- Ito, Hirobumi
- (1841-1909)A leading statesman of the Meiji period and close confidante of the Meiji emperor. He was born and initially served as a soldier in the fief of Choshu, southern Kyushu, the domain which provided most of the new Meiji government oligarchy. He studied Western military techniques in Nagasaki and in 1859 went to Edo (Tokyo) and came under the influence of the sonno-joi ('revere the emperor, expel the barbarians') movement which in 1862 led him to take part in the attack on the British legation in Shinagawa, Edo. He was promoted to the rank of samurai in 1863 and travelled to England for study with others from his fief, returning after six months to help settle a dispute between the Choshu forces and the Western powers. His experiences abroad changed his attitude to foreigners. He played a major modernising role in the Meiji government, studied financial affairs in America in 1870 and on return became chief of taxation. He accompanied Iwakura, Tomomi on the 1871-1873 mission to Europe and America and visited Germany again in 1882 to study constitutional systems. From 1881, having ousted the pro-constitutional Okuma, Shigenobu he led the important Ministry of Home Affairs. With Inoue, Kowashi and others he drafted the Meiji Constitution of 1889 and other important legislation. In 1885 he became Prime Minister in Japan's first cabinet, and eventually president of the Privy Council, playing an active and varied role in late Meiji politics. In 1906 he became Resident-General in Seoul, effectively ruling Korea after 1907. He was assassinated in Harbin by a Korean in October 1909.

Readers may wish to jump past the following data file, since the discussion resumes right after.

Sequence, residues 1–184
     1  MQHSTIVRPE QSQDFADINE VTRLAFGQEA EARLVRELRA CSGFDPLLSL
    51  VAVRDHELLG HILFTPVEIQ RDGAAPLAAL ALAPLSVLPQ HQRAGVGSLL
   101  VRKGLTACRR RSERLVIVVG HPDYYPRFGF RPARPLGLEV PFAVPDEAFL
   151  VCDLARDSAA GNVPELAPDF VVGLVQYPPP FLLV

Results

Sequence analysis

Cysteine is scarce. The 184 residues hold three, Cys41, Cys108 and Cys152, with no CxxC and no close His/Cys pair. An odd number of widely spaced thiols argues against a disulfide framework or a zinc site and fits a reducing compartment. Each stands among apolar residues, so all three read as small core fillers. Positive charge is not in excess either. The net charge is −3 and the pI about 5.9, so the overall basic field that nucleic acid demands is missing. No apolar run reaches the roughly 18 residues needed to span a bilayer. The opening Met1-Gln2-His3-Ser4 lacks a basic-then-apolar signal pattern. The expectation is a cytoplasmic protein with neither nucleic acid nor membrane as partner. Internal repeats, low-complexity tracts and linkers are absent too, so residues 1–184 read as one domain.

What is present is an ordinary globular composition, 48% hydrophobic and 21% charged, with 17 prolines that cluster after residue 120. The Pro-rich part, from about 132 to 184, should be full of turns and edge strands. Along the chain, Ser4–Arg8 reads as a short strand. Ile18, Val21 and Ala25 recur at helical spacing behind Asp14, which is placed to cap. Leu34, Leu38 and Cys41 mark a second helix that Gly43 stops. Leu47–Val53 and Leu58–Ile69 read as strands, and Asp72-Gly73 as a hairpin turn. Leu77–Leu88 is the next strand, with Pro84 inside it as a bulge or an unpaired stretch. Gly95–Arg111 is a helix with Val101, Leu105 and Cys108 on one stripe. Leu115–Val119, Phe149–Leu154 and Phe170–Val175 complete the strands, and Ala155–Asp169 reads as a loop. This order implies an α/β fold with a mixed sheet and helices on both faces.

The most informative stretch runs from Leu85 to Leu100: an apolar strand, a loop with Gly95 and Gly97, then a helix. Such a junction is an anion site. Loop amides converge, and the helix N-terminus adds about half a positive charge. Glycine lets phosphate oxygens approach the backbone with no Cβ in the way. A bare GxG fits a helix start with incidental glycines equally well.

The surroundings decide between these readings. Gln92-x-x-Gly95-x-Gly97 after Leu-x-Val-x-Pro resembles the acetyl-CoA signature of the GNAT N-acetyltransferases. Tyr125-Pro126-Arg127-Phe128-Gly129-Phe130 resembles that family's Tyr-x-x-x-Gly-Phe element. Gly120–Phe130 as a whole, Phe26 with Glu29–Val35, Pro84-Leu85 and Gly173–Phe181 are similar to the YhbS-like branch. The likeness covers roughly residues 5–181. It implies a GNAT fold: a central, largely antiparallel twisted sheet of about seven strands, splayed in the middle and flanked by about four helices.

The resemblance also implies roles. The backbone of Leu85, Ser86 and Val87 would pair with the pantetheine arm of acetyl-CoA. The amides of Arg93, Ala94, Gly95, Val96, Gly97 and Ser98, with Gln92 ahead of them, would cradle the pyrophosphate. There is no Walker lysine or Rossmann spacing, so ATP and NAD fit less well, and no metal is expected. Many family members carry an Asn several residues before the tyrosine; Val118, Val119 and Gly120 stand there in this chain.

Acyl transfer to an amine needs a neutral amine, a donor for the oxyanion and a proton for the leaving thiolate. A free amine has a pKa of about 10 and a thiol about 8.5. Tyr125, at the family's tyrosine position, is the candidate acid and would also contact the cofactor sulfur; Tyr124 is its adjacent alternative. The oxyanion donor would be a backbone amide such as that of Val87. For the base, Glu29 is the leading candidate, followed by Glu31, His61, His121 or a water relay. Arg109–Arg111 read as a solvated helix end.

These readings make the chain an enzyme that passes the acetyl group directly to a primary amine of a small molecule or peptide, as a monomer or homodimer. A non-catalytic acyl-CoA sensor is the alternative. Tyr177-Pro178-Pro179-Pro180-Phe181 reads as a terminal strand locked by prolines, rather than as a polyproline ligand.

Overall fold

A Popular Dictionary of Shinto. Brian Bocking.